3. Penalties: With regard to price adjustments for ability score penalties, -2 penalties are worth 2 RP back, per the above pricing, but when considering overall power level, there needs to be diminishing returns to prevent 'broken' races.

I think the 'weakness' modifiers (+2, +2, -4) could still be worth -1 RP (as compared to the human baseline) based on diminishing returns--the -4 in a dump stat isn't really that bad; it just means you can't dump that stat quite as much without giving the character an Achilles heel. Similarly, the current pricing for 'mixed weakness' and 'greater weakness' could be consistent with diminishing returns.

When pricing choices like 'paragon' and 'greater paragon' that grant +4 bonuses, consider what it would cost to obtain that +4 by choosing an alternative trait with +2 and then buying 'advanced[ability]' later on. The best you could hope for is -3 [by picking greater weakness] +6 [to raise the +2 to a 4] = 3 RP total. This is the cheapest anything with a +4 should cost.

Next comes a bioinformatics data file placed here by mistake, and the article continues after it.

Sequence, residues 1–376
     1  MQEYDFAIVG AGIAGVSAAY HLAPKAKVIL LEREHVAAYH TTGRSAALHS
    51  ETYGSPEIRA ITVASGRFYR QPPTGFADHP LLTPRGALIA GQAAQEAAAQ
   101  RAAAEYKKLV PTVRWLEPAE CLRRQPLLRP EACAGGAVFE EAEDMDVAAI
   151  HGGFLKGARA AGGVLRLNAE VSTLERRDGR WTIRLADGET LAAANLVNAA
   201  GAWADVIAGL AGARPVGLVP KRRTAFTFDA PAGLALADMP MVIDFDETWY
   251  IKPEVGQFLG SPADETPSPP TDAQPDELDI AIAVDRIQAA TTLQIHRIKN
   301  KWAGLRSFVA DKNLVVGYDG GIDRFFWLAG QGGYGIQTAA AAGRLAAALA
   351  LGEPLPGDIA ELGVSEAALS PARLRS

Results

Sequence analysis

Are wrote:

Small Size: This trait is really good for its cost. There are several benefits compared to Medium size, and few drawbacks. I'd increase the cost to 1 RP.

I agree that small size should be worth at least 1 RP for the following reason:

All the small races in the core include an associated penalty to movement speed (small races like goblins with 30' movement are described as fast for their size), which as a whole balances being small with being medium. (I actually think being small is an advantage over being medium for some builds, but for arguments sake let's assume this is balanced.) Taking the slow speed trait gives you back 1 RP, thus being small should cost 1 RP so the net cost is 0 RP.